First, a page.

A 19-year-old boy has a history of repeated chest infections. He had problems with a cough
and sputum production in the first 2 years of life and was labelled as bronchitic. Over the next
14 years he was often ‘chesty’ and had spent 4–5 weeks a year away from school. Over the past
2 years he has developed more problems and was admitted to hospital on three occasions with
cough and purulent sputum. On the first two occasions, Haemophilus influenzae was grown
on culture of the sputum, and on the last occasion 2 months previously Pseudomonas aeruginosa
was isolated from the sputum at the time of admission to hospital. He is still coughing up
sputum. Although he has largely recovered from the infection, his mother is worried and asked
for a further sputum to be sent off. The report has come back from the microbiology laboratory
showing that there is a scanty growth of Pseudomonas on culture of the sputum.
There is no family history of any chest disease. Routine questioning shows that his appetite
is reasonable, micturition is normal and his bowels tend to be irregular.
On examination he is thin, weighing 48 kg and 1.6 m (5 ft 6 in) tall.
• The only finding in the chest is of a few inspiratory crackles over the upper zones of
both lungs. Cardiovascular and abdominal examination is normal.
The chest X-ray shows abnormal shadowing throughout both lungs, more marked in both
upper lobes with some ring shadows and tubular shadows representing thickened bronchial
walls. These findings would be compatible with a diagnosis of bronchiectasis. The pulmonary
arteries are prominent, suggesting a degree of pulmonary hypertension. The distribution
is typical of that found in cystic fibrosis where the changes are most evident in the
upper lobes. Most other forms of bronchiectasis are more likely to occur in the lower lobes
where drainage by gravity is less effective. High-resolution computed tomography (CT) of
the lungs is the best way to diagnose bronchiectasis and to define its extent and distribution.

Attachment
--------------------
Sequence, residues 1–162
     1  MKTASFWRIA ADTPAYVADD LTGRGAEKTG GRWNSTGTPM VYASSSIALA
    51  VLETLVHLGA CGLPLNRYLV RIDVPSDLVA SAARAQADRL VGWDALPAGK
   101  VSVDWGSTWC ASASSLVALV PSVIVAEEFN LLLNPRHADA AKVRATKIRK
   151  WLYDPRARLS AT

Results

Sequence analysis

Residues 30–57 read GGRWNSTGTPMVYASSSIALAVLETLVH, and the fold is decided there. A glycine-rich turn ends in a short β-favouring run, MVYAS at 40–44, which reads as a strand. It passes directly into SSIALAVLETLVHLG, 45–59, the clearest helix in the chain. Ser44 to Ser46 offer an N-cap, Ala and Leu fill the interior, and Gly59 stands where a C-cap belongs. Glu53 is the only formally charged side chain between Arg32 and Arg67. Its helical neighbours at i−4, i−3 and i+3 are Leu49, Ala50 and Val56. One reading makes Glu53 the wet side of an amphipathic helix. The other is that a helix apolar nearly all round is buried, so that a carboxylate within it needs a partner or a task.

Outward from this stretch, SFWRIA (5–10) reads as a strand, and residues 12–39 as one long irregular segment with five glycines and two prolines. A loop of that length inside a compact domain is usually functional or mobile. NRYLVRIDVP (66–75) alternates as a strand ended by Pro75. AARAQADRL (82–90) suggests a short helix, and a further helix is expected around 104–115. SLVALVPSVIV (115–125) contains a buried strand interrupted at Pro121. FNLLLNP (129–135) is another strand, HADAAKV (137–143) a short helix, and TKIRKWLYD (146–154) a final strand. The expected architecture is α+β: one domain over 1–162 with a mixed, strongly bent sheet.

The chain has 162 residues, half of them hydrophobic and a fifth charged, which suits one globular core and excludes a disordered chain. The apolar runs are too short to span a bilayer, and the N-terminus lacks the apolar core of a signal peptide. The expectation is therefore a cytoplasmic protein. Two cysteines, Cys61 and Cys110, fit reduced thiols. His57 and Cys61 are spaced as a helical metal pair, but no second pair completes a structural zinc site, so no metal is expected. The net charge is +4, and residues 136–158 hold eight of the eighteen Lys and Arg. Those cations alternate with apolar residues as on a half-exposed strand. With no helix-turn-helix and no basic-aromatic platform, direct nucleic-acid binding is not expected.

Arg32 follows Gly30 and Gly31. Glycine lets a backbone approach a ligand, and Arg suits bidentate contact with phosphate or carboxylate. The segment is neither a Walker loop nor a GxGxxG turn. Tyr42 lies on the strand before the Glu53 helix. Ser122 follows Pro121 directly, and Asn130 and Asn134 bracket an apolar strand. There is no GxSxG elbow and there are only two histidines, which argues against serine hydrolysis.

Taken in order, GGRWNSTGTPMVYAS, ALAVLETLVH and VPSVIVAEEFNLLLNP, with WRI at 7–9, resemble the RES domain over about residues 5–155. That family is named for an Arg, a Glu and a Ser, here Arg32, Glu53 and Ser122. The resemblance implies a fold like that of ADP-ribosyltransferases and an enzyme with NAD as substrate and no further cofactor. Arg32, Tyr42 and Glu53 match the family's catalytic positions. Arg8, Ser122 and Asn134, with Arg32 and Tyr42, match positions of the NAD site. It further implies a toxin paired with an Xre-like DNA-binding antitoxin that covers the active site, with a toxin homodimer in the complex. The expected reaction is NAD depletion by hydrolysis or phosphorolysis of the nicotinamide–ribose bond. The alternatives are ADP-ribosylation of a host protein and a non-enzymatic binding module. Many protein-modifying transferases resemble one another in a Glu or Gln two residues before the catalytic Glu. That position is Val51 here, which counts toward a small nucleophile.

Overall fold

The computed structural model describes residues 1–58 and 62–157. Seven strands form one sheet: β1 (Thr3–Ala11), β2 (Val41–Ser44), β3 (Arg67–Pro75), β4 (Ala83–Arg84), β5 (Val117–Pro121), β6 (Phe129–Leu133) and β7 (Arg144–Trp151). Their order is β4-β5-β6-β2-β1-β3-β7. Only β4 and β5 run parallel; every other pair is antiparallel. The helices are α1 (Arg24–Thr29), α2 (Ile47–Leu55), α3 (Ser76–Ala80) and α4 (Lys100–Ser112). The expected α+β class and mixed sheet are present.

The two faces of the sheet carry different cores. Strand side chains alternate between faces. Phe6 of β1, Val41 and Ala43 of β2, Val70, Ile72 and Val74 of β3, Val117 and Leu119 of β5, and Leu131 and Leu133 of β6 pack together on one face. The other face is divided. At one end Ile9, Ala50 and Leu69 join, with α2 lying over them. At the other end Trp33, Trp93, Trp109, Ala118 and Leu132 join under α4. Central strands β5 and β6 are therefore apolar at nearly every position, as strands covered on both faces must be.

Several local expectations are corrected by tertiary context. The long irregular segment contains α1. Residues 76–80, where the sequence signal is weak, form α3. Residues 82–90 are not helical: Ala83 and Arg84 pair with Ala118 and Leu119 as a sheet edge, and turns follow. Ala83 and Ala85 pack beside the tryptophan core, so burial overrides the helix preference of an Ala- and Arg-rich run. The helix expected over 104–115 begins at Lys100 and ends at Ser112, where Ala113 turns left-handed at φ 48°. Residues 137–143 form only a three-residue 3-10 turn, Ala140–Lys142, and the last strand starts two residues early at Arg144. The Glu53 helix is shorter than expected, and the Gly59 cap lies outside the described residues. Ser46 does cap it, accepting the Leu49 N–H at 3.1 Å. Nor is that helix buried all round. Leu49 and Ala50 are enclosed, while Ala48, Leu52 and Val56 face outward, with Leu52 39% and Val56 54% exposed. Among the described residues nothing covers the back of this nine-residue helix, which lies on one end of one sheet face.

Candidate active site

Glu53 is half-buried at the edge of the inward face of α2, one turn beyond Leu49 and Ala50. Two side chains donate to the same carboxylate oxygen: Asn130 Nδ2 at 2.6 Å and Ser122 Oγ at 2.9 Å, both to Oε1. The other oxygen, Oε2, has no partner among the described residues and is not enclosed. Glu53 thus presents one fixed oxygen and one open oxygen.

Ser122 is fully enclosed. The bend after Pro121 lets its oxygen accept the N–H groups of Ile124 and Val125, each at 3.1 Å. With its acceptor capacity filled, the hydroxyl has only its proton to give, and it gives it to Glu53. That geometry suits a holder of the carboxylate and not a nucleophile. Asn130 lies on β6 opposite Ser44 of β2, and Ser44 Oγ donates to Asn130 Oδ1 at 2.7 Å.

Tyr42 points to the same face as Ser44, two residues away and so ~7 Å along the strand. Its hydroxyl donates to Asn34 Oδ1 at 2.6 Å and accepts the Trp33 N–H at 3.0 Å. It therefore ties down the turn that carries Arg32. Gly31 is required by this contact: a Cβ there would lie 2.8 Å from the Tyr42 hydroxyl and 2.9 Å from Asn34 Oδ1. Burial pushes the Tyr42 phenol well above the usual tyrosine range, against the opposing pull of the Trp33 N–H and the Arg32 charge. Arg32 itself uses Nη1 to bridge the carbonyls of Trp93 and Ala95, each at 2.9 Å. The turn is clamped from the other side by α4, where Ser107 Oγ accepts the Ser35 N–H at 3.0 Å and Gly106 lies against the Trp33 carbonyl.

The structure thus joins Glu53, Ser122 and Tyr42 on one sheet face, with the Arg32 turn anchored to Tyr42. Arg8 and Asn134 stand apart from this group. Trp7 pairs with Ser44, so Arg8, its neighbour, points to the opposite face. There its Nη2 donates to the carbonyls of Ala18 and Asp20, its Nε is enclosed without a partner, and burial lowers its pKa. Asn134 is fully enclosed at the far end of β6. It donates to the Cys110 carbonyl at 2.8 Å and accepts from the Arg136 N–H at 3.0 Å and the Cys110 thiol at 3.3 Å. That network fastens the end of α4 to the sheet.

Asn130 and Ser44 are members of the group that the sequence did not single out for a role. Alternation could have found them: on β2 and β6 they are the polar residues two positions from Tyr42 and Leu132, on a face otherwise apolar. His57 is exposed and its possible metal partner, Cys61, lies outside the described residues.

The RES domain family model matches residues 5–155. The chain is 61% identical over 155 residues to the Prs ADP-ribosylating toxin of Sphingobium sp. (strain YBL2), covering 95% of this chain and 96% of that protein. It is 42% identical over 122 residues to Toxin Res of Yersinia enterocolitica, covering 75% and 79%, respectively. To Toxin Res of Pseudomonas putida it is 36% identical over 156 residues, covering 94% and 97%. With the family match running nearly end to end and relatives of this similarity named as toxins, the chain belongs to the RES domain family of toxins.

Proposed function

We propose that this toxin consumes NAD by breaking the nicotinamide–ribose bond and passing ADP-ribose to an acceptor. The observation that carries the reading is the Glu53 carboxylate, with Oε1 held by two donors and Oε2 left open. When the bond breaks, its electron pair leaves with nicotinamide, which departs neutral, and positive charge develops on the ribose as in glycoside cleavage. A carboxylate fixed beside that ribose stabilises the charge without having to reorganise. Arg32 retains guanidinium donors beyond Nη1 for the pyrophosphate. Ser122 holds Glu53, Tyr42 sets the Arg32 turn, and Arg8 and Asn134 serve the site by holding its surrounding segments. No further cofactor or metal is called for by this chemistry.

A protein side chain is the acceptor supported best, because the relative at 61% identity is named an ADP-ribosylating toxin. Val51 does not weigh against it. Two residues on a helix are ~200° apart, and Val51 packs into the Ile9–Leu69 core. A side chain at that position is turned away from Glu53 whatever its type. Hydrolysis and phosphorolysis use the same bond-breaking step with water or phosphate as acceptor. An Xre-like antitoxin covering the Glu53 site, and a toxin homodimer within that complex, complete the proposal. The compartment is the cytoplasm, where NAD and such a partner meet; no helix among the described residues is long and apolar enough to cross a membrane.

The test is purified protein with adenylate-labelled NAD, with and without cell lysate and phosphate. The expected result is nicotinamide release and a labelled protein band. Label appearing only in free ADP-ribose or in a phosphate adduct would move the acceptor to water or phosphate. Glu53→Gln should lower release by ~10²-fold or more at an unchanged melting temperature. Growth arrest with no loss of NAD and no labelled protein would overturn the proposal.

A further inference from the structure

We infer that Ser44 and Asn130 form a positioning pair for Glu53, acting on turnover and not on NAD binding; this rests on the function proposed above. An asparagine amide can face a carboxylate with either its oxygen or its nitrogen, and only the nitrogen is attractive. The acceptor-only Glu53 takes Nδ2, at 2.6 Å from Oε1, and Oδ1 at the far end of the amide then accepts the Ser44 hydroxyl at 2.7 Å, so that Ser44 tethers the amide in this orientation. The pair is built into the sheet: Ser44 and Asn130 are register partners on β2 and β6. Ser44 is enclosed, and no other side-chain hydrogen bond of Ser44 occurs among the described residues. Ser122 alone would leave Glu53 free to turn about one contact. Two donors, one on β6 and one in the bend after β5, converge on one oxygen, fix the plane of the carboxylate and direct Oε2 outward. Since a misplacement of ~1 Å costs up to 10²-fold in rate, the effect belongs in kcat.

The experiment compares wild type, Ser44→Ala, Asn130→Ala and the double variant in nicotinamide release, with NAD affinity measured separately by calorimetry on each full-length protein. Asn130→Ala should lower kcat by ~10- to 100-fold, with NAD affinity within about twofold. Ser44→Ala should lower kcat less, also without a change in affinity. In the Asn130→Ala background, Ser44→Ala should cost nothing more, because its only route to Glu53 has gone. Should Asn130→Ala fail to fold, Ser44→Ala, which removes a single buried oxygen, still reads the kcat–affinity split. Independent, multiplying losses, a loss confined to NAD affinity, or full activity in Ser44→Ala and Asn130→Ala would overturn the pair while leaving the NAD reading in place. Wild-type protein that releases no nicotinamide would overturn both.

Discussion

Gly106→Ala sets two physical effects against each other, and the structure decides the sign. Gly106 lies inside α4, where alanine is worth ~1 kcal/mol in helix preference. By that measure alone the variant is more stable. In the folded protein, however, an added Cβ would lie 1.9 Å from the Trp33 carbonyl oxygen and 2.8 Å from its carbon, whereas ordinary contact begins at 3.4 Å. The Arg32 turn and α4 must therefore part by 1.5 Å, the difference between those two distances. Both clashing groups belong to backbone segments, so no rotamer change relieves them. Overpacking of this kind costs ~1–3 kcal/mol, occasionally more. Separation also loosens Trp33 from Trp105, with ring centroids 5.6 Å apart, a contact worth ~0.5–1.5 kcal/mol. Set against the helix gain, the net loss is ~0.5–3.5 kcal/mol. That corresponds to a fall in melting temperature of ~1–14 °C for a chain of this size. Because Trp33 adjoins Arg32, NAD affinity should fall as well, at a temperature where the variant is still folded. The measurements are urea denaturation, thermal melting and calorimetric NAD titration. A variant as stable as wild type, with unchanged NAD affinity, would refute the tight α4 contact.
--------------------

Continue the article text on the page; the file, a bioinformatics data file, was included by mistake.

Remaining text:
In younger and milder cases of cystic fibrosis, the predominant organisms in the sputum
are Haemophilus influenzae and Staphylococcus aureus. Later, as more lung damage
occurs, Pseudomonas aeruginosa is a common pathogen. Once present in the lungs in cystic
fibrosis, it is difficult or impossible to remove it completely.
Cystic fibrosis should always be considered when there is a story of repeated chest infections
in a young person. Although it presents most often below the age of 20 years, diagnosis
may be delayed until the 20s, 30s or even 40s in milder cases. Associated problems
occur in the pancreas (malabsorption, diabetes), sinuses and liver. It has become evident
that some patients are affected more mildly, especially those with the less common genetic
variants. These milder cases may only be affected by the chest problems of cystic fibrosis
and have little or no malabsorption from the pancreatic insufficiency.
The common diagnostic test for cystic fibrosis is to measure the electrolytes in the sweat,
where there is an abnormally high concentration of sodium and chloride. At the age of
19 years, the sweat test may be less reliable. It is more specific if repeated after the administration
of fludrocortisone. An alternative would be to have the potential difference across
the nasal epithelium measured at a centre with a special interest in cystic fibrosis. Cystic
fibrosis has an autosomal recessive inheritance with the commonest genetic abnormality
F508 found in 85 per cent of cases. The gene is responsible for the protein controlling
chloride transport across the cell membrane. The commoner genetic abnormalities can be
identified and the current battery of genetic tests identifies well over 95 per cent of cases.
However, the absence of F508 and other common abnormalities would not rule out cystic
fibrosis related to the less common genetic variants.
In later stages, lung transplantation can be considered. Since the identification of the
genetic abnormality, trials of gene-replacement therapy have begun